Album Stream: Dirty Needles – Finally [Audio]

Dirty Needles

Dirty Needles

By Jack Barnes

36-year-old Youngstown, Ohio, native Dirty Needles (fka HipKnoTiC) has released his debut album, Finally. The title serves as a tongue-in-cheek nod to his relatively “late” entry into the game, but his talent belies his status as a newcomer. Now living in Cleveland, the rapper blends introspective reflection with self-deprecating humor to cultivate a relatable, entertaining style that sets him apart from others in his class. Enjoy this audio stream below after the jump.

From shouting out video-game character Bowser in the intro to referencing his being chastised for being “too nerdy” in the closing track, the self-effacing introvert manages to create a body of work that is resplendent rather than reclusive. He coins Finally as being “Underground Boom-Bap Soul” and its tone ranges from braggadocious rapping for rapping’s sake to addressing suicide. Throughout it all, he maintains his witty streak and clever raps.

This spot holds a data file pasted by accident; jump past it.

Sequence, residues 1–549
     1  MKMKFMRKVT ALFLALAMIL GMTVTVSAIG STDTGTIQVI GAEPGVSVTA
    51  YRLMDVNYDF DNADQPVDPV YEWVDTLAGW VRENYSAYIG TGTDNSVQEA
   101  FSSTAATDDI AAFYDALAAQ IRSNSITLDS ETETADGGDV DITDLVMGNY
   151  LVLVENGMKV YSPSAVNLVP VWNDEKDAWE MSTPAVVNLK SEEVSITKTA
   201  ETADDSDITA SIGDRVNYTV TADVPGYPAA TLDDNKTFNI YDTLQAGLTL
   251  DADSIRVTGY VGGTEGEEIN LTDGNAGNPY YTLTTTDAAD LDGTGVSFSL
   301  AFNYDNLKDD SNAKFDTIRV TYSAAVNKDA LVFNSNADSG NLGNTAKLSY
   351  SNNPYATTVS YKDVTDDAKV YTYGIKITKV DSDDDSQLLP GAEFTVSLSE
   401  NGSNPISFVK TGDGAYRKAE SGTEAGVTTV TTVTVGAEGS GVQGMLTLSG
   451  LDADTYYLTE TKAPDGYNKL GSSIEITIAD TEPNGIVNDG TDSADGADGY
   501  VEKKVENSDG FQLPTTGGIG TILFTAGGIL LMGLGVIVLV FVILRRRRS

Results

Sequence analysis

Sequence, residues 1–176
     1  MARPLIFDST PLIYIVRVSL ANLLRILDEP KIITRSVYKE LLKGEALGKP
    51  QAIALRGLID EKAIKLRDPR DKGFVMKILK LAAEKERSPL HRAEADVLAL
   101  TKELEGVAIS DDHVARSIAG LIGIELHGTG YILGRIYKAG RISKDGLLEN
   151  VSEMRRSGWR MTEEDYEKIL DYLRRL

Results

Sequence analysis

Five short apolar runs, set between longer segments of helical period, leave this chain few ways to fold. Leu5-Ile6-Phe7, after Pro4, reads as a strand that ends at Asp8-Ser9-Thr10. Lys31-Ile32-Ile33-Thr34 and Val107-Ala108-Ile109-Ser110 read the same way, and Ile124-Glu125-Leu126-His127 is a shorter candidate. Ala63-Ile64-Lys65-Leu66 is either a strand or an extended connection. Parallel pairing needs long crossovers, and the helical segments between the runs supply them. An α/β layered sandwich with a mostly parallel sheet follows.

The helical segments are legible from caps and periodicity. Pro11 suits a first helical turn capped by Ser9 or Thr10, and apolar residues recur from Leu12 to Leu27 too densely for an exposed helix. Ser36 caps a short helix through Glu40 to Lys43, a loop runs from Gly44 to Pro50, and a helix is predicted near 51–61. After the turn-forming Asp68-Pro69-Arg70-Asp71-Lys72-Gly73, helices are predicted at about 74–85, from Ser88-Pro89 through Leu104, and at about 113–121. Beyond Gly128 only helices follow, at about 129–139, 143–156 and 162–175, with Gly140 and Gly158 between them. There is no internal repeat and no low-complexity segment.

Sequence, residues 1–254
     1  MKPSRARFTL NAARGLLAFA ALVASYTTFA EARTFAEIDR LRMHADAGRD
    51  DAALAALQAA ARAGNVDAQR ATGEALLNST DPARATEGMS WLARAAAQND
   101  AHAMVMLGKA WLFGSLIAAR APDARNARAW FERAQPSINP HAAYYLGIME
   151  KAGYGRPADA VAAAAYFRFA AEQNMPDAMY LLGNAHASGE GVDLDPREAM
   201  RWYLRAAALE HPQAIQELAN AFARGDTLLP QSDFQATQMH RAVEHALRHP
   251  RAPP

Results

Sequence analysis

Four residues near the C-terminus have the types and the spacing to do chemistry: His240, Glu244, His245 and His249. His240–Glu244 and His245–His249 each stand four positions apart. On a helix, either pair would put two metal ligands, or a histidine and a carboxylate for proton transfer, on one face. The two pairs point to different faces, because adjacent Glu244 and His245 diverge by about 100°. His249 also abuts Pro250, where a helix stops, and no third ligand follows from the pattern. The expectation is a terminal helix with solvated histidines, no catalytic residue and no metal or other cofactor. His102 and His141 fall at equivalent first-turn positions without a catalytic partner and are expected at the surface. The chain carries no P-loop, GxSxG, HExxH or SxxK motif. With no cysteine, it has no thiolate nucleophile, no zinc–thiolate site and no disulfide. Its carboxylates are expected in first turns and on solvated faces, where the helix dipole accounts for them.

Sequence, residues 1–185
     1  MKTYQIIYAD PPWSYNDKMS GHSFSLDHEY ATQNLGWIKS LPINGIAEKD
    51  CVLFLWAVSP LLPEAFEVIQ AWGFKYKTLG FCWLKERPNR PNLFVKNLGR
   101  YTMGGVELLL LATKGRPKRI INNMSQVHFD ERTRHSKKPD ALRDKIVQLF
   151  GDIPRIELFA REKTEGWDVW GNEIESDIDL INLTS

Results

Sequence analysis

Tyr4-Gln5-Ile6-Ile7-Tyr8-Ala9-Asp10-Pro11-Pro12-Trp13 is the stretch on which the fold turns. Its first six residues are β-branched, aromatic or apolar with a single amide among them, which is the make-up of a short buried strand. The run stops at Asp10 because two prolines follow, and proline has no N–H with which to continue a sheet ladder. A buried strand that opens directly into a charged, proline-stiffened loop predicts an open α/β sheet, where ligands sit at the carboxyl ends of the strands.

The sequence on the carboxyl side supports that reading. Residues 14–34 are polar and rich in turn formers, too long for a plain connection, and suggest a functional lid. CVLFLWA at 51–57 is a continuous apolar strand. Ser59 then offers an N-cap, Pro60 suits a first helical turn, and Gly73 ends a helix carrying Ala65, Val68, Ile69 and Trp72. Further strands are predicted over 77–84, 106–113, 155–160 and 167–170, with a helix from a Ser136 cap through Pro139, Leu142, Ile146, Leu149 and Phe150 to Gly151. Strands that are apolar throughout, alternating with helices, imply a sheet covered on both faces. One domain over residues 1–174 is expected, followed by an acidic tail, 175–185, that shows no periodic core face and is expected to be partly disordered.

On lead single “Finding Peace,” he settles into a semblance of happiness with visceral imagery, as he raps “Now I done dealt with a lot of sh*t most people couldn’t fathom/battled addiction this boa constricting around me becoming too much to handle.” Now a victor over depression, he begins to stake his claim for his dreams on “Bedroom in Aries,” freeing himself of dark clouds and instead fighting for happiness. As he explains, “We all wake up every day and go help someone else become wealthy. Meanwhile, we push our own dreams to the side. If we do pursue them we’re often met with detractors, an idea highlighted in the bar ‘Grow the fck up you Peter Pan ass n+++a /Stuck in Never-Never Land with Michael Jackson ass n*.’” With the album’s culmination, “Full Circle,” he addresses his first love and his frustrations. “‘Full Circle’ is about my frustration with Hip-Hop and how I walked away from it,” he says. “I’ve tried the whole ‘just being a fan’ thing and I couldn’t do it. I figured instead of complaining about the current climate, I’d do something to change it. As cliché as it sounds, this album was therapy. It allowed me to tackle my demons head-on. Kinda like Kevin McCallister did with the furnace in Home ———-Alone.”

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